3. Introduction

The strategy adopted by Helsinki City Council in 2017 was subtitled ‘The Most Functional City in the World’. This vision is mirrored in the five strategic priorities through which the goal of becoming the most functional city in the world is being pursued. According to the strategy, a functional city is based on trust. The city’s strategic intent is to do things a little bit better every time, in order to make the life of Helsinki’s residents easier and more pleasant. A functional city means concrete actions and choices that make everyday life smoother for residents. Being a functional city is a path for Helsinki to create advanced everyday life.

With these goals in mind, it makes sense to evaluate the success of the strategy against the five strategic priorities and the around 50 objectives and approximately 140 performance indicators adopted by the City Board on the basis of the priorities. The indicators make it possible to evaluate success and impact on a qualitative level.

While it is impossible to measure the success of the vision itself in any meaningful way, an assessment based on the performance indicators reveals at least the strengths and weaknesses discussed below.

Good progress has been made towards securing sustainable growth in respect of reforming Helsinki’s urban structure and housing as well as meeting emission reduction targets. There is still work to be done to increase the vitality of the city centre and individual neighbourhoods, and the wider implications of the emissions reduction programme also need attention.

Population in Helsinki is 656 920. Mother tongues spoken in Helsinki are Finnish (78 %), Swedish (6 %), Russian (3 %), Estonian (2 %), Somali (2 %), English (1 %) and other (8 %).
Population in Helsinki is 656 920. Mother tongues spoken in Helsinki are Finnish (78 %), Swedish (6 %), Russian (3 %), Estonian (2 %), Somali (2 %), English (1 %) and other (8 %).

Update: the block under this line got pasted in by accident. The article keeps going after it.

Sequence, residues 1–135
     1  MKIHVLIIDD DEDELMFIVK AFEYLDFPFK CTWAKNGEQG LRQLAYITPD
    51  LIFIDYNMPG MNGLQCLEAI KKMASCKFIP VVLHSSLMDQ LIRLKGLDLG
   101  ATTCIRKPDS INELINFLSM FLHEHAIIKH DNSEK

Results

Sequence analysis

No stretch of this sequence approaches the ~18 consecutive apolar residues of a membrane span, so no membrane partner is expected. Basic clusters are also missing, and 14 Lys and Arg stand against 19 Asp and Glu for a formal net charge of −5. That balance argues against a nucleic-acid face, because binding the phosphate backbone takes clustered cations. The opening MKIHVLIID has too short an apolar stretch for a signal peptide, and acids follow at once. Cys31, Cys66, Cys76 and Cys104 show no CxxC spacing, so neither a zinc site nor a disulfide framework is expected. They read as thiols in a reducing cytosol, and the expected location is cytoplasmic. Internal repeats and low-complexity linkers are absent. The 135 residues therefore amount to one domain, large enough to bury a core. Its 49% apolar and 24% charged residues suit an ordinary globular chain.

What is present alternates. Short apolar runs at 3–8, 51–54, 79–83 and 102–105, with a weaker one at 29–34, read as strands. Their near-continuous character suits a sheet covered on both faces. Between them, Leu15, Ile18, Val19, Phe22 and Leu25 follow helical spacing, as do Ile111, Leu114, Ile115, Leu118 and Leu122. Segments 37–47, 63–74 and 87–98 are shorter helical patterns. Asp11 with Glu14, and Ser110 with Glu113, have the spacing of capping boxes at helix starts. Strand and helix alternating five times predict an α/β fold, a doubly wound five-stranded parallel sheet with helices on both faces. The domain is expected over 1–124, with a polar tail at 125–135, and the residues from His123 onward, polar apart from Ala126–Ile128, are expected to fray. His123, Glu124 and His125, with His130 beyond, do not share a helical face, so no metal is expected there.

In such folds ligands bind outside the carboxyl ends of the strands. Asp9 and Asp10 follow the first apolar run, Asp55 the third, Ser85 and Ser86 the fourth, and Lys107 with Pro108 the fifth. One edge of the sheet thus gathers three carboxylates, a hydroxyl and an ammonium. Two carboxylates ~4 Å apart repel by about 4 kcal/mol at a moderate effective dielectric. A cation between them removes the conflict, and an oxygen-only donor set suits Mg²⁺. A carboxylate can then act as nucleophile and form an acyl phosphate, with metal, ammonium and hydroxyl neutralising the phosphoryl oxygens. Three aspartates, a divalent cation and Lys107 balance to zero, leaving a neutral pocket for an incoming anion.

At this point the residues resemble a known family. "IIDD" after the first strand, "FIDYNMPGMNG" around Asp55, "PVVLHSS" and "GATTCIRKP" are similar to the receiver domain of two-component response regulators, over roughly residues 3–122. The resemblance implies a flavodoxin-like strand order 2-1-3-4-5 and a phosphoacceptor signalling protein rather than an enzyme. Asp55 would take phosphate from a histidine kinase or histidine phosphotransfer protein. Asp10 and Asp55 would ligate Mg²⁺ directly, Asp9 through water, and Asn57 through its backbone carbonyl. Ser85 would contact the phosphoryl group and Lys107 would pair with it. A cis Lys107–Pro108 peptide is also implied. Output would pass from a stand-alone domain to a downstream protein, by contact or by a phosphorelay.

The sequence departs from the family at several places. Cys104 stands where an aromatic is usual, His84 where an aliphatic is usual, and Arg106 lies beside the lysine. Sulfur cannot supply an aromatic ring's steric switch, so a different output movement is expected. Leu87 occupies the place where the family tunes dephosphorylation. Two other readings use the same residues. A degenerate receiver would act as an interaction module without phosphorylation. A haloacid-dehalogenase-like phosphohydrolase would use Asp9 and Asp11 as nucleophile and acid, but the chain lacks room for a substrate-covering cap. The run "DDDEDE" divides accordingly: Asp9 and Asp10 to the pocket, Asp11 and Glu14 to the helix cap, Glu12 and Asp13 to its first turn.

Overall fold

Regarding developing services, a more customer-orientated approach has been adopted for basic services by increasing the provision of, for example, local early childhood education and basic education, home-based support services for the elderly and opportunities for physical exercise. The pace of digitalisation has also accelerated.

Apart from not hitting the productivity target, the city succeeded in the responsible management of finances during the first part of the present Council’s term of office. The impact of the coronavirus pandemic is making economic targets more difficult to achieve, and indebtedness is likely to increase despite the responsible financial management in earlier years having given the city every chance to come out of the crisis relatively unscathed.

In respect of efforts to promote Helsinki’s interests, the operating model, effectiveness and city-level coordination have improved. Cooperation with other Finnish towns and cities has increased considerably. Helsinki has successfully raised its international profile. More work is still needed to solidify and streamline the operating model in the rapidly evolving external environment.